Tesseract has a configuration parameter Page Segmentation Mode (PSM), which enables Tesseract to view the input image as a single line of text, a single word, or a single character. We used Page Segmentation Mode 7 (Treat the image as a single line of text) and got optimal results.
The post-processing module’s job is to implement any domain-specific business logic based on the inferred information. It also serves as a gatekeeper to capture any obvious error that can be detected using domain knowledge. This way it helps in improving the overall accuracy of the system. In this case, the post-processing module handles the text output from the OCR module and implements a business logic to detect and flag the test results that do not conform to the normal range as per the report. Such values are highlighted in red to invite the attention of the decision-maker responsible for adjudicating the claim. This module also has intelligence built in to detect any errors caused by OCR failure. This is accomplished using the built-in domain knowledge about the typical ranges of specific test types that the system is designed to process.
To train the Patient Details model, we annotated only the name, age, and gender in the reports, and to train the Test Details model we annotated only the test details in the reports. The training took around 12 hours for each model. On evaluation on the test set, we got an mAP of 91% (0.91mAP@0.5IoU) for the Patient Details model and 89% (0.89mAP@0.5IoU) for the Test Details model. We finally had our models localize the relevant fields in the report with an average of 90% accuracy.
4. Training and Evaluation of Object Detection Models
To teach/train an object detection model, we first needed to annotate or label the lab reports. We annotated all the required fields (as shown in the example below). For this, we used the free and open-source tool labelImg.
Thus we created the dataset for an object detection model that can detect the patient and test details from medical lab reports.
Once we labeled the data, we split it into three:
- Training set (70%)
The training set of images is the one from which the model learns. In our case, the model adapted the knowledge it acquired while training on the COCO dataset to our use case.
- Validation set (20%)
During training, the model evaluates itself at certain intervals to ensure that the training process is running correctly or the model is learning as expected. The validation set is used for this evaluation.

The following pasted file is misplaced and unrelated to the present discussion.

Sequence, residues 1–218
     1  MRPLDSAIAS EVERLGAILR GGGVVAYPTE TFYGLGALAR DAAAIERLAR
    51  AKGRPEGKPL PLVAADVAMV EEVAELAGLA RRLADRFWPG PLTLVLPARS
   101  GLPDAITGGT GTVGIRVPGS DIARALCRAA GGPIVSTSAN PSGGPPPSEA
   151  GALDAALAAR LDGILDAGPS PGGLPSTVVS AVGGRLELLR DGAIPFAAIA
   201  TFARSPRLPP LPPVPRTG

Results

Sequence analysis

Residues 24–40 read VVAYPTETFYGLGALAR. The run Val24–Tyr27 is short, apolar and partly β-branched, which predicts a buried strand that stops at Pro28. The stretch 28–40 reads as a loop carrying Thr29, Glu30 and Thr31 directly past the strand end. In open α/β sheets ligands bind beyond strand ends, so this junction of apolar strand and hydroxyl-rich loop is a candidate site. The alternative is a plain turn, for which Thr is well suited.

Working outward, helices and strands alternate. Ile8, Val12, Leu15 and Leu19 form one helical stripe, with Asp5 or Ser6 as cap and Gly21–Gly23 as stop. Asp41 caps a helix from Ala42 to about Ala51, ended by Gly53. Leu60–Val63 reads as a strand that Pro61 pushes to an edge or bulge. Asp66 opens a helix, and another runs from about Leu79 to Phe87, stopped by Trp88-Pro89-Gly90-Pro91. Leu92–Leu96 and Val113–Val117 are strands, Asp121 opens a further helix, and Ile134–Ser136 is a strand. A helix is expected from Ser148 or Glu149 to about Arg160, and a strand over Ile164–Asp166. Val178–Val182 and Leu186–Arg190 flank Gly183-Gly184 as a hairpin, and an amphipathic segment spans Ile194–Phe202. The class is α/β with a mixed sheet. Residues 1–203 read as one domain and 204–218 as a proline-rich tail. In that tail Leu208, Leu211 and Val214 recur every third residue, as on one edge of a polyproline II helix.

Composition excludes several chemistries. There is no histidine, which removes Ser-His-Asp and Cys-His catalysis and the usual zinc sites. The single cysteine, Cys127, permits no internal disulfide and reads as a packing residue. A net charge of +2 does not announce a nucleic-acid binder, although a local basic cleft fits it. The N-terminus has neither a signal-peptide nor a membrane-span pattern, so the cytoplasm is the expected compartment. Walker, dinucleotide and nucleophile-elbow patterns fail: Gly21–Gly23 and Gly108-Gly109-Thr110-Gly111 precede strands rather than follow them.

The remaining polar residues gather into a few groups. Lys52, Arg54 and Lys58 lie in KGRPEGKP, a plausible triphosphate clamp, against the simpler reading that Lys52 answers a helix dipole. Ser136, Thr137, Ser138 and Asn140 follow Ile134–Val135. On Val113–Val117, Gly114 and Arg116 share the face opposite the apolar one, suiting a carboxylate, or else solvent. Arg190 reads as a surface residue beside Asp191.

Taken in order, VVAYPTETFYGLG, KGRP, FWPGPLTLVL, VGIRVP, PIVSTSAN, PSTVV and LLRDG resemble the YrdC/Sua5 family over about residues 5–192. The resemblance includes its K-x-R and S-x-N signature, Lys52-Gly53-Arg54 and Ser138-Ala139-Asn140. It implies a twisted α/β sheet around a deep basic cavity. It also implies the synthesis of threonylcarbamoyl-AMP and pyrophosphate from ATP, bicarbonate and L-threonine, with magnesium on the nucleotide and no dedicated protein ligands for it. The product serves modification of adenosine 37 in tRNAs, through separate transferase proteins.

- Test set (10%)
After the model training is complete, the model is evaluated on data that it has never seen during the training process. For this, the test set is used.
We collected 86 sample medical reports and split them up as follows:
The training was done using the GTX 1060 GPU. It took around 12 hours to complete.
We used Mean Average Precision (mAP) to evaluate the object detection models. Mean average precision is the mean of average precisions of all the classes of the model. To evaluate our model, we chose the metric mAP@0.5IoU.
Once the training was over, the model had an mAP of 98% (0.98mAP@0.5IoU). We evaluated the model on our test set and found out that our model had an mAP of 67% (0.67mAP@0.5IoU, which was not bad to start with). Examining the validation set accuracy and test set accuracy of our models, we understood that the models are clearly overfitting the data. (This happens when the model memorizes the training data as a whole instead of learning patterns from it. In such cases, the model will perform extremely well while training and perform very poorly on testing. The case of overfitted models can be clearly identified when the validation set accuracy is much greater than the test set accuracy.)
So we needed to add more training samples to the training set.
One of the ways to expand the training set is data augmentation or the creation of slightly modified copies of existing data. We applied the following image augmentation techniques to the existing images:
- Rotation: Randomly selecting a set of images from the training set and rotating them a few degrees clockwise and counterclockwise gives us new copies of the same report.
- Translation: Translation involves moving the image along the X or Y axis (or both).
- Gaussian Noise: Adding Gaussian noise to the training images is an excellent way to prevent overfitting of the model since the model won’t be able to learn and memorize pixel frequency patterns.
Applying different combinations of these augmentation techniques on our dataset of 86 samples helped us to create a dataset about three times its original size. Then we split the data into Training, Validation, and Test sets in the ratio mentioned earlier.
We used this augmented data to retrain our model. We got an mAP of 86% (0.86mAP@0.5IoU) in the test set.
The system we created is capable of automating digitization of not just lab reports, but any kind of paper documents like invoices, purchase orders, receipts, reports, etc. This implementation is done specifically for the insurance industry and considers only laboratory reports. The overall modular nature of the architecture ensures that the design can be fine-tuned for other industries. The modularity also ensures that the subsystems are independently upgradeable when there are more advancements in the deep learning space or when we have more data to train them. For example, we can create our own OCR deep learning solutions and plug them instead of Tesseract.